Kids placed out of their home can return after longer periods under new directive
The Netherlands Youth Institute (NJi) is changing its directive so that children displaced from their parental homes can return to their parents after a longer period. Youth protectors can then work more flexibly with the "acceptable period of return" and hopefully preserve more families, the Volkskrant reports.
About 46,000 children in the Netherlands live in foster families or institutions. Over 20,000 of them were placed out of their parental home by the juvenile court.
The term "acceptable period of return" was included in the Civil Code in 2015 with the intention to prevent children from living in uncertainty about where they would grow up for too long after a custodial placement. The NJi established two periods based on scientific insights and practical experience. It is six months for young children under the age of 5, and for kids 5 and older, it is a year. "If it is not possible to improve the conditions sufficiently within this term, then a permanent custodial placement is necessary," the directive reads.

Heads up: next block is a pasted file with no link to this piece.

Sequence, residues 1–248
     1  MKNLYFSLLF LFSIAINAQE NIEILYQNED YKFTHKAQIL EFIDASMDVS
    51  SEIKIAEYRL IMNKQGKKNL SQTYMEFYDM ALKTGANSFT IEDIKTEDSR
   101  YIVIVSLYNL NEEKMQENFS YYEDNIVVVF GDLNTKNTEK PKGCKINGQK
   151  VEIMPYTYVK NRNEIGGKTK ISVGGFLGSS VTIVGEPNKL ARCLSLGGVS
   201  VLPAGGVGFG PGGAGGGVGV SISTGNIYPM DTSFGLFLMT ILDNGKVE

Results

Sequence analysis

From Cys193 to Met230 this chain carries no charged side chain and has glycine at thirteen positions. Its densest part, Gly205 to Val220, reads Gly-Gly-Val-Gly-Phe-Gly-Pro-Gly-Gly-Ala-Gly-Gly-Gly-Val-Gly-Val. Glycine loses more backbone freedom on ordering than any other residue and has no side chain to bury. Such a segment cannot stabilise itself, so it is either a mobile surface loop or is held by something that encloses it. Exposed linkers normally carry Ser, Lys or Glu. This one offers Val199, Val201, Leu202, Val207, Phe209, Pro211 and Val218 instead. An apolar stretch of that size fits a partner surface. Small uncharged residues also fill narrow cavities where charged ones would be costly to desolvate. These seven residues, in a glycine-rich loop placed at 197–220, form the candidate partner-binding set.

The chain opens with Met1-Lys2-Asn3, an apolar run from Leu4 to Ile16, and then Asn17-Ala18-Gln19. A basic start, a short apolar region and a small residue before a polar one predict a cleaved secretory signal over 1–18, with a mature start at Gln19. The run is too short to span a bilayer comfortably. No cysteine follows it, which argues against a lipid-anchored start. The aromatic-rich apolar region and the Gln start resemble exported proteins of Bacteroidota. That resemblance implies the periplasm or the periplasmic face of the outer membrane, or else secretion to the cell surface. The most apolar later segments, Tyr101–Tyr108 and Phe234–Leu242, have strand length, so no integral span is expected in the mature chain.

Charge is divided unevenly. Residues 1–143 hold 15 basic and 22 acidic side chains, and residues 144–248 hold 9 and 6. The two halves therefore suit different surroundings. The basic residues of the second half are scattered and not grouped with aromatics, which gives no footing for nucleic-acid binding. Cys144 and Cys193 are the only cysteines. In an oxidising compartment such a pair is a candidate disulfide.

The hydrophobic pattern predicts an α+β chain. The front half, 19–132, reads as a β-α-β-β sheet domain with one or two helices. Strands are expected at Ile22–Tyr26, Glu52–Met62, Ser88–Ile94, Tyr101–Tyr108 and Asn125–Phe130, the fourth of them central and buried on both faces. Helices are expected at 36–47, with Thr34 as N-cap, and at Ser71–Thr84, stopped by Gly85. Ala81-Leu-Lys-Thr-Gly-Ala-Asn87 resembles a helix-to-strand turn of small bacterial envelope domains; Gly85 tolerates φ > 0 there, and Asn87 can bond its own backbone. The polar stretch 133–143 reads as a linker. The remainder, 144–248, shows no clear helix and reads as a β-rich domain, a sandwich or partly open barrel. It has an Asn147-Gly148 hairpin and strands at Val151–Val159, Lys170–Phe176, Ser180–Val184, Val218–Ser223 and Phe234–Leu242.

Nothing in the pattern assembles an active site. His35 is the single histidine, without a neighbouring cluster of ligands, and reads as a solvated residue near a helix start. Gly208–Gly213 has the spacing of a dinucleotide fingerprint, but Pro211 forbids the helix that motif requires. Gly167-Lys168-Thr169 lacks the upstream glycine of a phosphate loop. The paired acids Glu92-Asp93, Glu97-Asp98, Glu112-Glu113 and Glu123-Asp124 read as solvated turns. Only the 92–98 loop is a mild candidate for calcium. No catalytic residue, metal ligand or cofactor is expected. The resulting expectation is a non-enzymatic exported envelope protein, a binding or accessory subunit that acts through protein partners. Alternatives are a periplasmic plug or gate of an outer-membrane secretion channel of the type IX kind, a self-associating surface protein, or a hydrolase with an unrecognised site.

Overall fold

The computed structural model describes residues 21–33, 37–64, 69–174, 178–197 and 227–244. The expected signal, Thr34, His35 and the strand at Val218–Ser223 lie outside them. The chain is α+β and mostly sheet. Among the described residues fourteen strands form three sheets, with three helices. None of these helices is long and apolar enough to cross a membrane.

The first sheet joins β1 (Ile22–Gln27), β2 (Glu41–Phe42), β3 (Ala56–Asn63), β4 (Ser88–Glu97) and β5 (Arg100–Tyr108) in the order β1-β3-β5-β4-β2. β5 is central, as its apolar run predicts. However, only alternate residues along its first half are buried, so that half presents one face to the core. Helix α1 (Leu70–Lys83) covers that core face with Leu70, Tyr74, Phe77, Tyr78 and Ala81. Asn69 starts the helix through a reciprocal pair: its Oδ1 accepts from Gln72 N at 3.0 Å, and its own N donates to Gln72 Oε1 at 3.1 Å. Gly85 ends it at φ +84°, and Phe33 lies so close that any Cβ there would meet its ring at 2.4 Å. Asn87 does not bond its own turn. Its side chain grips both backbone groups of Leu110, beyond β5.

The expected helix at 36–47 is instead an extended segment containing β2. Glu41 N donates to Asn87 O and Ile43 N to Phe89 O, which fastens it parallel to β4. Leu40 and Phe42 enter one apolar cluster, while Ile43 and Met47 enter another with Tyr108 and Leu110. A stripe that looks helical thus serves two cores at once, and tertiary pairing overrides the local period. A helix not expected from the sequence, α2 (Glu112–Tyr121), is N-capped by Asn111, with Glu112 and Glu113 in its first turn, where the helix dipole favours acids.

The idea was that the "acceptable period" would encourage social services to work as quickly as possible on children's return to their parents. But in practice, it meant children being unable to return home because their parents did not have enough time to improve the home situation. Or courts placing children with other families due to waiting lists and staff shortages at youth care.
The new starting point is that social services must determine per family what is possible without applying a generally applicable strict period. "A period of time must never be the only argument for not returning a child," said NJi board member Rutger Hageraats. "The incentive remains to work on return as quickly as possible and to create clarity."